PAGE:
DISCLAIMER: I don't own these characters. No profit is being made. It's all for fun.
Part One: Out in the Cold
In the end it was simple. Not easy. Not with Jordan. Not with him. It probably never would be. But there was an elegant simplicity to it all.
December had snuck up on Boston after a gentle fall and almost balmy November. Woody had returned to work, desk duty first of course and, eventually, back into the field. Though he couldn't make himself ask if Jordan was avoiding him, he'd been struck by the fact that the responding M.E. on his first three homicides hadn't been her. Eventually though she'd appeared. Woody had seen her get out of the car, watched her scan the scene with a gaze that would have appeared casual to those who didn't know her. He'd caught the slight hesitation when her sightline had taken him in. Had he been closer he'd have noticed the momentary twitch at the corners of her mouth and he'd have heard the soft, but deep breath she'd forced into her lungs. He'd broken off his own examination of the scene and made his way toward her.
Her mouth had turned down briefly at the slight limp that slowed him down (though time would take care of that) and then the walls had gone up, solid, impassive, impenetrable. She'd kept here eyes carefully hidden behind dark sunglasses appropriate to the brilliance of that late summer day. The only emotion Woody had found on her face was a generic mixture one that revealed nothing of what went on beneath her skin. She'd been professional, thorough, competent. Jordan.
Any curiosity, any theories she'd had, she'd kept to herself on that case and most of the subsequent ones on which they had to collaborate. Woody wondered, looking at today's body, if she would be able to do that with this one. As much as he missed the Jordan Cavanaugh who had, at times, plagued him, he hoped maybe she could.
"Detective?" Woody looked up at the uniformed officer in front of him. He grunted. "M.E.'s here." The young woman gestured.
Woody watched her as he had so many times. She got out of the car, took in the setting in front of her, found him. The day was bleak and grim, December snow threatening to start spitting at them any time. No sunglasses today and Woody found himself studying her. As always, her professional demeanor didn't falter, but the ache in her heart - the ache he'd put there - thudded over him. The pain, doubt and anger had tapestried themselves into her soul, and at the moment she had finally learned to unweave those ugly, garish threads, he had reminded her to tighten them instead. She drew closer and the mask went down. Her gaze was nothing more than appraising and if she sensed any of what he'd been thinking, she ignored it.
"What do we have?"
Woody took a breath. "A baby."
Jordan's eyebrows went up. "In there?" She gestured to the dumpster.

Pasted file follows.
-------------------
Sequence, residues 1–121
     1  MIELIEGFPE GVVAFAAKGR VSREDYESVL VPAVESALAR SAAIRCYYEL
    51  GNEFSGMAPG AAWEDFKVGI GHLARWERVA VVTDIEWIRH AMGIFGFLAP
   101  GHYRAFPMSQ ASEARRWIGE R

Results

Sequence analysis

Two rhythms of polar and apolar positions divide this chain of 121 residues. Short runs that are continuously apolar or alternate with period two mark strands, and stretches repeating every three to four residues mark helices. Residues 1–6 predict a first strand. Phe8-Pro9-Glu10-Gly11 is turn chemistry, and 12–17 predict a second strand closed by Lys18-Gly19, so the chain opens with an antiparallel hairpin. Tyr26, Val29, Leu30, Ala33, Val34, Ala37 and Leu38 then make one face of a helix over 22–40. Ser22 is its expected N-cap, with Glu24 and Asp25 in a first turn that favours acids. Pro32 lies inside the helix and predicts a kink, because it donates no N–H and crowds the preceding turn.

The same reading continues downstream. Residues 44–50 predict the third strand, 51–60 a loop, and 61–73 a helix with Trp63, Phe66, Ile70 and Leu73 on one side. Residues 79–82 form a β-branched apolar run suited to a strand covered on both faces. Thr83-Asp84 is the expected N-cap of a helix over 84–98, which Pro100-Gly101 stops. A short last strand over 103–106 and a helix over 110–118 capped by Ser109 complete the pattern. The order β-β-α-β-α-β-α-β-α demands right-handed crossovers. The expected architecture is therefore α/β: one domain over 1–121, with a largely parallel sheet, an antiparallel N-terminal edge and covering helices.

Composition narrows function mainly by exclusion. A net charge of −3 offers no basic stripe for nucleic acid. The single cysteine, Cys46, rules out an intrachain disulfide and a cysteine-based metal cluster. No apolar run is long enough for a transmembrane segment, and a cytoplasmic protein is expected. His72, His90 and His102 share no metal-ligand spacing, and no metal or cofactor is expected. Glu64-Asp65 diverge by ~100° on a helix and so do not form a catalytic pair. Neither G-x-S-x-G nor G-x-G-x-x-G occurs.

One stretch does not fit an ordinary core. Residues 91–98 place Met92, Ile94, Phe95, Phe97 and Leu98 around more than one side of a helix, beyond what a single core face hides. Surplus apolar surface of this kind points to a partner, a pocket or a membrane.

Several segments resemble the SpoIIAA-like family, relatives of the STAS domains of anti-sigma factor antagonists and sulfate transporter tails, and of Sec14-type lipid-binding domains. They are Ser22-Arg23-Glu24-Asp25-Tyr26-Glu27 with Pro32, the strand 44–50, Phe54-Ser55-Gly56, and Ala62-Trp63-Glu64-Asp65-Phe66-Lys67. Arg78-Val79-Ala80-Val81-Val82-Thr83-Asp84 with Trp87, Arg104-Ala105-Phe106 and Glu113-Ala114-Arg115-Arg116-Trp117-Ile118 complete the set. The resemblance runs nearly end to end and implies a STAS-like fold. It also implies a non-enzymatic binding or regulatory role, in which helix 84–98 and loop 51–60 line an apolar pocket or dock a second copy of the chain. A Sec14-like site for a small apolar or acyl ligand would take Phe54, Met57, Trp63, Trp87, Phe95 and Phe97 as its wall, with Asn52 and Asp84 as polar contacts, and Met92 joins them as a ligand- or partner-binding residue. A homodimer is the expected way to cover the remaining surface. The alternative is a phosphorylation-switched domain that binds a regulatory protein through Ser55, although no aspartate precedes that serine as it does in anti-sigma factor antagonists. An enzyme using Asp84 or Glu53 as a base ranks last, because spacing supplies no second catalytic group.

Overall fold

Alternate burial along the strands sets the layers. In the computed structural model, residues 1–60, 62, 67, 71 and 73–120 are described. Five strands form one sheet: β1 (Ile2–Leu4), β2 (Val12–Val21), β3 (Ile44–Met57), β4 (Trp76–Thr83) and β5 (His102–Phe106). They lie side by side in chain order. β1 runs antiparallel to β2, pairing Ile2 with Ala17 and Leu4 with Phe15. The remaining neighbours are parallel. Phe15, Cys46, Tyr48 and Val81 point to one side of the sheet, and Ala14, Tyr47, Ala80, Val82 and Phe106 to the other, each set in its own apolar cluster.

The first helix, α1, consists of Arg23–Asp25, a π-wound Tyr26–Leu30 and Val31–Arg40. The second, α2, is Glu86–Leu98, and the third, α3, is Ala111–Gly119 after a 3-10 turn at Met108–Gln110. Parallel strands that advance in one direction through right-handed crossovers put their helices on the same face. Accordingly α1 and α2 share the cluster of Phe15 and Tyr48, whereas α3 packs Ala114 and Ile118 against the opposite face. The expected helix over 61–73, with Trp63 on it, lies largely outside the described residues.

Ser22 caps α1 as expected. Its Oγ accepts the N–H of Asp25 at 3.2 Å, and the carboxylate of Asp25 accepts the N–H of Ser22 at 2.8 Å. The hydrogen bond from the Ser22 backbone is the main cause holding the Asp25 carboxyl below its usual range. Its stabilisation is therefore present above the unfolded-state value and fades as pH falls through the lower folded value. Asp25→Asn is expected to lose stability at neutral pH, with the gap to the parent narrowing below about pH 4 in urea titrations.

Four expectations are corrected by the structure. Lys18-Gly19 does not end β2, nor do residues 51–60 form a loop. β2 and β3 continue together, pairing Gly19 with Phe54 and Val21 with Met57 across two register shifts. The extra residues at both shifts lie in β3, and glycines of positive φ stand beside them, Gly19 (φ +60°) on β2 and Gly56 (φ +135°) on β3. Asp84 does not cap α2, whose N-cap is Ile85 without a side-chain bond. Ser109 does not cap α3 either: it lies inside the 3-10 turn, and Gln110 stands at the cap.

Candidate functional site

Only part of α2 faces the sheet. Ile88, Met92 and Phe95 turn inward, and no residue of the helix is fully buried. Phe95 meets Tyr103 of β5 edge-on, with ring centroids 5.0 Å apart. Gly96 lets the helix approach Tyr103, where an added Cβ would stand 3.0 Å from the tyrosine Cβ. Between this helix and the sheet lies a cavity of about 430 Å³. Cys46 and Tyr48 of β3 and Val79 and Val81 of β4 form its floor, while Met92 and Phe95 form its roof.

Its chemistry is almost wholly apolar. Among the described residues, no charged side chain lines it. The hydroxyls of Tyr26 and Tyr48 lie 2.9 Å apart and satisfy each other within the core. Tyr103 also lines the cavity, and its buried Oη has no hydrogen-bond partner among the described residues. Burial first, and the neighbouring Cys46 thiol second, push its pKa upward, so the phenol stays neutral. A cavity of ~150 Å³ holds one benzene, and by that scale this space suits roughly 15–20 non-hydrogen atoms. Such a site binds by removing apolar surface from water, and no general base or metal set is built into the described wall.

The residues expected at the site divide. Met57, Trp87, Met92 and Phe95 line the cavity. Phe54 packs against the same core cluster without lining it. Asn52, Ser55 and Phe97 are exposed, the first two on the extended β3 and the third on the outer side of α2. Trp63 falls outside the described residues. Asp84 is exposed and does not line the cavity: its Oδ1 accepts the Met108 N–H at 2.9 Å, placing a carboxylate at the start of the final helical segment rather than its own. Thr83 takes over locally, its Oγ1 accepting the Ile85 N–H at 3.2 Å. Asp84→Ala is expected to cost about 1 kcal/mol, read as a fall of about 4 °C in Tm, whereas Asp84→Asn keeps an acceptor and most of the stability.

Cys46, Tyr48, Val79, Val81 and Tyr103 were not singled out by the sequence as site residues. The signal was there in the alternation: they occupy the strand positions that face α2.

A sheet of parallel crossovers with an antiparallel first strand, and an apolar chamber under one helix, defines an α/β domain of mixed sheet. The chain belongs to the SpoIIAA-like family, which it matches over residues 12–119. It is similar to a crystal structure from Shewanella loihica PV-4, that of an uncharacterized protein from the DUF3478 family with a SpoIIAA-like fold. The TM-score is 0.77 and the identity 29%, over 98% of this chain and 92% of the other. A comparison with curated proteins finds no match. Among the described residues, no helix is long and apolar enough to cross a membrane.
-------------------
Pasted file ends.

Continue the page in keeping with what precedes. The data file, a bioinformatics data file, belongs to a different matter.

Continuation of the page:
Woody could only nod.
"Damn," Jordan breathed. She inhaled and swallowed past the lump in her throat. "All right. Show me."
Jordan had nearly finished her preliminary, on-site routine when the anguished screams of a woman caught the attention of everyone in the area. Struggling, slapping, almost biting, a young woman dragged one of the uniformed officers with her toward where the baby lay. Jordan hastily covered the tiny cold corpse.
"OhmyGod! OhmyGod! OhmyGod! Noooooooo!" The young woman kept howling. "Is it Evvy? Is it? OhmyGod! I only went to do the laundry!"
Woody and Jordan exchanged glances. His eyes pled with her in spite of the fact he knew he should approach the woman first. Her raw agony and fierce anger cowed him, spoke to him of some gender bond he could never fathom, never hope to have. An excuse, maybe, but Jordan's expression let him off the hook. Her face soft, but neutral, she approached the woman, a hand outstretched.
When Jordan's fingertips brushed the woman's shoulder, the woman slapped at the tentative touch. Woody re-evaluated the woman. A girl, really. Maybe twenty, unless she looked a lot younger than she was. A lot.
Jordan tried again, drawing closer to the girl, keeping her gentle hand on the other's shoulder this time. Murmuring soft, meaningless words until the girl finally stopped screaming. The officer holding her relaxed his grip. She sagged slightly and Jordan was there to hold her up.
Now the girl began to babble.
Through the hysterics, Jordan's calm voice cut a delicate path. "Tell me your name. I'm Jordan. What's your name? We need to know your name. We can start to help you when-"
"Karen. Karen Devaney," the girl spit out. "Is that Evvy?" She pointed, her finger shaking, toward the pitifully small mound so tactfully covered by the M.E.
"We don't know," Jordan told her. "We need you to help us and we can help you."
Slowly, the girl's breathing slowed. Her face had taken on a waxy pallor, but some color returned to her cheeks as she let Jordan's voice soothe her. Wordlessly, Jordan motioned to Woody. She introduced the detective to Karen, standing by as the mechanics of investigation and law enforcement began to grind away.